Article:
Wellesley College's Houghton Memorial Chapel was completed in 1899, but not all of the chapel's stained glass windows were finished at that time. Last week, one of six new windows created as part of the final phase of the chapel restoration and renovation project was installed. I had the pleasure of watching the historic installation -- which, as it turns out, was historically significant for many reasons.
“It’s historic and exciting in its own right to have new windows created for a 100-plus year old building, but it’s the subject matter of this window that makes this a remarkable moment for Wellesley and higher education,” said Victor Kazanjian, Dean of Intercultural Education and Religious and Spiritual Life at Wellesley College.
“This is Wellesley's first truly multicultural and multireligious window, and it is one of the very few images of a non-white figure and also of multifaith symbols portrayed in stained glass on any college or university campus,” Kazanjian said.
The new window, called "Veritas" ("Truth"), was installed along side "Fidelitas" ("Loyalty"), which was dedicated in 1925, and "Sapientia" ("Wisdom"), dedicated in 1939. The figure in the upper portion of “Veritas” holds “the light of truth” styled as one of Wellesley's iconic lanterns. The window also depicts the three keys to the college, which are given to Wellesley presidents during their inauguration. The keys were identified by Wellesley College President Mildred McAfee Horton (1939-1949) at her inauguration in 1936 as the keys to the Library, College Hall and the Chapel, and are symbolic of the means of "opening the doors of higher intellectual, spiritual and community life."
The lower section of “Veritas” is a depiction of the circle of symbols representing different religious, spiritual and humanistic beliefs set around the "world tree of knowledge." The quote beneath is from President McAfee Horton and reads, "The day we learn that differences do not necessarily involve discriminatory evaluations vast problems of human relations will be solvable."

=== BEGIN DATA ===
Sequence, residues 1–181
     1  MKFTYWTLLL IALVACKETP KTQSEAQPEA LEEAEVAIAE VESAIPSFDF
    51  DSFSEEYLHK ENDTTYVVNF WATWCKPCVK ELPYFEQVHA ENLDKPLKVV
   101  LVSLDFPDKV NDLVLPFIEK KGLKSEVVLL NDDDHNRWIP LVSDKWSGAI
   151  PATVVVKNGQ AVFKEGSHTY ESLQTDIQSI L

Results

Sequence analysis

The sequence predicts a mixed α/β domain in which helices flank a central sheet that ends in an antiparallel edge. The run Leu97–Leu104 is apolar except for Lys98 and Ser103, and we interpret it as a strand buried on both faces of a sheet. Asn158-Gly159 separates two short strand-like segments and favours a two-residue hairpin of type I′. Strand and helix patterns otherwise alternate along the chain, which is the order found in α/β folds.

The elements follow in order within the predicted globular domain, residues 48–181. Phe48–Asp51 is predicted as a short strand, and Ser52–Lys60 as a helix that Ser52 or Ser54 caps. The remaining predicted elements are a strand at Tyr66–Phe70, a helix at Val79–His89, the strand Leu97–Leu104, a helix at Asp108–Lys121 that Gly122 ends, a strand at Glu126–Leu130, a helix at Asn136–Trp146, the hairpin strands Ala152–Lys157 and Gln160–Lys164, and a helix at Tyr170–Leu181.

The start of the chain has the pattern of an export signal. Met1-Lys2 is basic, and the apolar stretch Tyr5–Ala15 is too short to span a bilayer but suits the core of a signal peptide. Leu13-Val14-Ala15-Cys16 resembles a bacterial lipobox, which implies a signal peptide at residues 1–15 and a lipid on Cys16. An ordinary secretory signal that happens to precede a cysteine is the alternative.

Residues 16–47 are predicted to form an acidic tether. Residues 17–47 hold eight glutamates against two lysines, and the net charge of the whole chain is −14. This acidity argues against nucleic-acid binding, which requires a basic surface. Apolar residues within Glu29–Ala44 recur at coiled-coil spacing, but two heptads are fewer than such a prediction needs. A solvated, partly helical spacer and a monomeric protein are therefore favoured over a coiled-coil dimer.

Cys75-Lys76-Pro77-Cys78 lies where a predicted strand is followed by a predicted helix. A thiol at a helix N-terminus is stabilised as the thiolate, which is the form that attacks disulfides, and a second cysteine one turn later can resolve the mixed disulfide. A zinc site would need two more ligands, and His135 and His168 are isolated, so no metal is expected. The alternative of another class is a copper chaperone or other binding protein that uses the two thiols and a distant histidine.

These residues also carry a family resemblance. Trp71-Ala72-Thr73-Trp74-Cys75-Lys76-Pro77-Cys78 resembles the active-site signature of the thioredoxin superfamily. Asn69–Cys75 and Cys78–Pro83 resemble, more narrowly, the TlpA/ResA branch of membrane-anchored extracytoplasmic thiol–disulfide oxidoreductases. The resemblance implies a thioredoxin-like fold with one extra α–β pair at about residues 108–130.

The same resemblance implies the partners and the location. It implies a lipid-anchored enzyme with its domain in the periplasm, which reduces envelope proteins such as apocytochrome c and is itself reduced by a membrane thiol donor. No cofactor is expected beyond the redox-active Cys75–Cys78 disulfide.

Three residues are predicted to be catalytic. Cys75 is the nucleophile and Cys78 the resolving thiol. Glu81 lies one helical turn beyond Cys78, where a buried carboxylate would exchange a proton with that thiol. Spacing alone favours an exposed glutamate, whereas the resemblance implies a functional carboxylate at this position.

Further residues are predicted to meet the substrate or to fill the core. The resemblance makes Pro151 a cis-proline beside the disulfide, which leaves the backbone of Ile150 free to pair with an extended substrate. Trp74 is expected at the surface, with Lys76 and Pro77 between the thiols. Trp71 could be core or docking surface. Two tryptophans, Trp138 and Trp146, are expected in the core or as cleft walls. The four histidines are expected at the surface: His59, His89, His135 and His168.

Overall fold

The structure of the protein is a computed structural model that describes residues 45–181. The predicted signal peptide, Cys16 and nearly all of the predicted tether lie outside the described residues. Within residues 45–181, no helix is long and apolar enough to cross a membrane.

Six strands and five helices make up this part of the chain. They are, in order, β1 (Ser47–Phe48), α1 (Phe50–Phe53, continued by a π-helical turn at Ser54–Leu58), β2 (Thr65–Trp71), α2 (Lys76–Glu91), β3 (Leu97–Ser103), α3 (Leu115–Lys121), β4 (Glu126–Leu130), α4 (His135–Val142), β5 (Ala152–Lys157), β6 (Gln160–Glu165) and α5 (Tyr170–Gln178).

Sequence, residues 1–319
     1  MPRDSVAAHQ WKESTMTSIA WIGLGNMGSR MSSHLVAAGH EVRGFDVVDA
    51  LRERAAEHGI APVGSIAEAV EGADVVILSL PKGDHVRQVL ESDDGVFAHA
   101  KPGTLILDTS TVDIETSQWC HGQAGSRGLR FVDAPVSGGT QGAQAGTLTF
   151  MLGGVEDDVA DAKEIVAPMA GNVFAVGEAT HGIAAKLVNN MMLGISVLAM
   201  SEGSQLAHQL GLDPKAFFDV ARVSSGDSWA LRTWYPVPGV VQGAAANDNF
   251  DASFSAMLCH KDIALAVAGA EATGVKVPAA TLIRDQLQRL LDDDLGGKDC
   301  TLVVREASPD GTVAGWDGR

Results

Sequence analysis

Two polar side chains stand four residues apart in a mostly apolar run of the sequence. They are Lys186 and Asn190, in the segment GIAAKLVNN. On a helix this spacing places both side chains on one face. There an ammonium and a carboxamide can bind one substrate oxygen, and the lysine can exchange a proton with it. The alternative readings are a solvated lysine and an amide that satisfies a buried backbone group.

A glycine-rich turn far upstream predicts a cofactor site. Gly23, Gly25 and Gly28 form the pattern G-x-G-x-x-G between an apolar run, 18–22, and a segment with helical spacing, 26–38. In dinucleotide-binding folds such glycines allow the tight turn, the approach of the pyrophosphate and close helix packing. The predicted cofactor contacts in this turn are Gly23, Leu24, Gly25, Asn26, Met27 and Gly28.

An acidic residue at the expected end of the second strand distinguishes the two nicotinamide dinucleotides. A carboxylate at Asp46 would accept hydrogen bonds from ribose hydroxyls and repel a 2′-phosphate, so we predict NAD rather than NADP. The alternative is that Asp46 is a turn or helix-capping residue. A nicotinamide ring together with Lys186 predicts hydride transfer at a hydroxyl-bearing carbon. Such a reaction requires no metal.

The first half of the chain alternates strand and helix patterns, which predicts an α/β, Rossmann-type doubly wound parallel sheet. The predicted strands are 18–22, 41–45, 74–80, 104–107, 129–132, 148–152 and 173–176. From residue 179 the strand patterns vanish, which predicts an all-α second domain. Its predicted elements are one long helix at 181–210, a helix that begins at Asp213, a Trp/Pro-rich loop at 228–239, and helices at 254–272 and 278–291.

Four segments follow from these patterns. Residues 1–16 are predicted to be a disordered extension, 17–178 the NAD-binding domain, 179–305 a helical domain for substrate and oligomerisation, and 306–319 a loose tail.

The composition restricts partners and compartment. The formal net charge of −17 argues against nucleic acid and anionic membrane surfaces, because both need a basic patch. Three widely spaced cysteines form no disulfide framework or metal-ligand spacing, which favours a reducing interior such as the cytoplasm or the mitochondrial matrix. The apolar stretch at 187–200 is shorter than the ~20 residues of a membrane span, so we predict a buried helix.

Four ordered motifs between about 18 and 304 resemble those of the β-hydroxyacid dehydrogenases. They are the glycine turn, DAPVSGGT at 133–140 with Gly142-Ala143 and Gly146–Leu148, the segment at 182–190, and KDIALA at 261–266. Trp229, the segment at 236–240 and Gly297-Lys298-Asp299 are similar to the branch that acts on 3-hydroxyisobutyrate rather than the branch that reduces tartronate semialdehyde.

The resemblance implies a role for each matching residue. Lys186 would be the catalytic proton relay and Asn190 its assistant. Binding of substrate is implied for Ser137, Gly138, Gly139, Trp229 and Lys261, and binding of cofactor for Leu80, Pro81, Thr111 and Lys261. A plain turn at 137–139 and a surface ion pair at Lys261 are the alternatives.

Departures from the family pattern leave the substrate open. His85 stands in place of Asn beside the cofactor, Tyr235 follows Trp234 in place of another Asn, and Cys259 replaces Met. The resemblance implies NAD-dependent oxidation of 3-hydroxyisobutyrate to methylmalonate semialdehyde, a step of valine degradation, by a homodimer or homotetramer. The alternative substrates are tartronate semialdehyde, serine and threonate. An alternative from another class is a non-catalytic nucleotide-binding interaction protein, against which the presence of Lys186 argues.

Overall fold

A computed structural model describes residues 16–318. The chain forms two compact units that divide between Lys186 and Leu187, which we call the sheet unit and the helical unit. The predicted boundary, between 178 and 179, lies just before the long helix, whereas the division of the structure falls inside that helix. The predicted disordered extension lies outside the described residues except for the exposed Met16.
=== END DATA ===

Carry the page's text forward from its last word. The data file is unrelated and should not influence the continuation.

The symbols from the middle top and moving clockwise represent Buddhist, Jewish, Muslim, Jain, Zoroastrian, Pagan, African Spiritual Traditions, Baha’i, Native American and Indigenous Peoples' Spiritual Traditions, Unitarian Universalist, Hindu, Humanist/Secular/Agnostic/Atheist, Sikh, and Christian traditions.
Mari E. Wright '60 of St. Petersburg, Florida, donated the window in memory of her aunt, Ruth Peck Noone, class of 1915, and her grandmother, Margaret Peck Wright, who would have graduated with the class of 1912 but left college before graduating to get married.
“She wanted someone to finish for her," Wright said about her grandmother. "From the day I was born, my grandmother talked to me about my responsibility to go to Wellesley,” Wright continued. “What Victor [Kazanjian] is doing here really touches my heart.”
The window was designed by a committee that included Kazanjian, members of Wellesley's facilities management & planning and philanthropic giving teams, Adjunct Assistant Professor of Art and Professor Emeritus John Rhodes, and Assistant Professor of Art Daniela Rivera.
Veritas has 607 pieces of glass, each one of them hand painted and fired in a kiln at temperatures between 900º and 1200º Fahrenheit. The overall dimensions are 37 inches wide by 129 inches tall. It was fabricated and installed by Serpentino Stained Glass, Inc., of Needham.
Roberto Rosa of Serpentino Stained Glass says the installation process has stayed the same for hundreds of years. “Nothing has changed since Medieval times,” Rosa said. “The glass is the same, the lead is the same, it’s the same tools – today we just have electricity.”
Houghton Chapel window repair and renovation projects have been underway for several decades. The generous support of Wellesley Alumnae Marilee Wheeler '55, Patricia Kopf Colaguiri '55, Mari E. Wright '60, Sally Mauger-Veil '61, and Bunny Winter '70, have made the last phase of the installation and renovation project possible over the last 12 years.
Now only three of the placeholder windows, which still sport yellow builders’ glass, have yet to be completed. The committee is working on the final windows.